Video: Ellen Søhoel and Lee Nellis talk XBD Collective’s new architecture division
“I think what we are looking for, in terms of architecture, are unique projects that are going to make a statement,” said Lee Nellis, managing partner at XBD Collective, and head of its division XBD Architecture. “We don’t want to do the standard two-plus-four apartment building – we are trying to think outside of the box a little bit.”
Having launched XBD Architecture just two months ago, XBD Collective – a newly established practice itself – has made sure to enter the market on a platform of strength and confidence, making its interests clear to the industry.
Ellen Søhoel (formerly Bishop) originally launched Bishop Design Residential in 2015 – the residential design arm of her previous, award-winning firm Bishop Design, which Søhoel co-founded in 2004 and helped grow over a decade. In October of 2016, Søhoel partnered with Nellis, a RIBA-chartered architect, and established Bishop Design Architecture, which took the emerging team one step closer to having complete creative and quality control over commissioned projects
In early 2018, Søhoel then launched XBD Collective, an all-encompassing design and architectural concept that would grow to contain XBD Interior Design, XBD Architecture and Bishop Design Residential. Stepping out on her own after more than 10 years, Søhoel intended to prove that not only could she start over, but that when she launched her new practice, she would launch big.
In the two months since, XBD Collective has managed to surpass the ‘start-up’ phase and cement itself within the GCC’s competitive design and architecture industry.
“It was strategic,” said Søhoel. “It is much more beneficial for the client, in my opinion. Being a one-stop shop in terms of design and architecture is the future.”
“We’re expecting rapid expansion,” added Nellis. “And for us, growing our architectural team is not only about finding the right people, but also training them properly. We are training each member of the team to use BIM, and that will make us more efficient. So it’s not necessarily about bringing another 20 people on board, it’s more about manpower, efficiency and skill.”
Within the first week of business, XBD Architecture already signed on to a residential project, which was one of XBD Collective’s interiors projects. In the short time since, XBD Architecture has racked up 18 projects and of those, 10 are in collaboration with the practice’s design team.
Already established within the residential sector, XBD Architecture is looking to focus on commercial and hospitality projects and its two largest architecture projects – the Dragon Pearl Floating Casino in Macau and the Brova Floating Residences in Monaco – are quite experimental. They reflect the practice’s creative vision, as well as its intent to build comprehensive sustainable projects.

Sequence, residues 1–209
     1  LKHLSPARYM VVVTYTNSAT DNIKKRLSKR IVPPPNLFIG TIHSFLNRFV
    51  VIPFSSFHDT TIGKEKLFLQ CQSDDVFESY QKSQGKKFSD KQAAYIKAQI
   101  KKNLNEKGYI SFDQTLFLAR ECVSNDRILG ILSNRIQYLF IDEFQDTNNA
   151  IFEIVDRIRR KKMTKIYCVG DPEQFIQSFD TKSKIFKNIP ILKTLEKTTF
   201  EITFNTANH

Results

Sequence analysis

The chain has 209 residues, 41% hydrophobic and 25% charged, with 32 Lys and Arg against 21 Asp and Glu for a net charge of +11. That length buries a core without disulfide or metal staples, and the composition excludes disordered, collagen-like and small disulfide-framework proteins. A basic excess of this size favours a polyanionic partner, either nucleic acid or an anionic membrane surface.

According to Søhoel, “These two architecture projects are hugely significant for the firm as we have competed against some of the world’s biggest architecture companies in the tender process.”
The Brova idea consists of technology-driven, sustainable floating structures that can essentially take up post anywhere in the world. It can feature residences or commercial projects – like the Pearl concept, a floating superstructure that’s currently being utilised for the hospitality industry with two hotels currently planned.
Constructed from concrete, each custom-built structure is built to withstand high levels of impact as well as be erosion-resistant.
“Each structure is designed to be 100 percent sustainable, with recycling of all organic material and waste-taking place on site,” said Nellis. “Brova’s constructions have a state of the art process and programme to recycle all waste, such as cleaning water, food waste and sewage.
He added, “The leftovers from food processing and restaurants, for example, plus the sewage are transported via vacuum to a composting unit connected to a dewatering unit separating water and solids. The solids are led directly into a composter, which is also accessible for manually feeding recyclable natural materials such as cardboard, paper, clean wood, flowers, grass, garden waste and so on.”
With XBD Collective’s various divisions working adjacent to one another in Dubai Design District, it seems that the company’s vision of expansion is not so far down the road – in fact, the office space just next door is vacant, mentioned Søhoel.
And with the international projects that are major landmarks in XBD’s growing portfolio, the practice aims to extend its reach beyond the region. “The way we see it moving forward in architecture is to definitely have projects outside of the region, but Dubai will always be our base,” said Nellis.
“The more bespoke we can be, the more brave we can be in our designs and actually rely on them to be properly executed,” added Søhoel. “Our main focus with XBD Collective is to be able to open more doors towards larger and more innovative projects, not only in the Middle East, but worldwide.”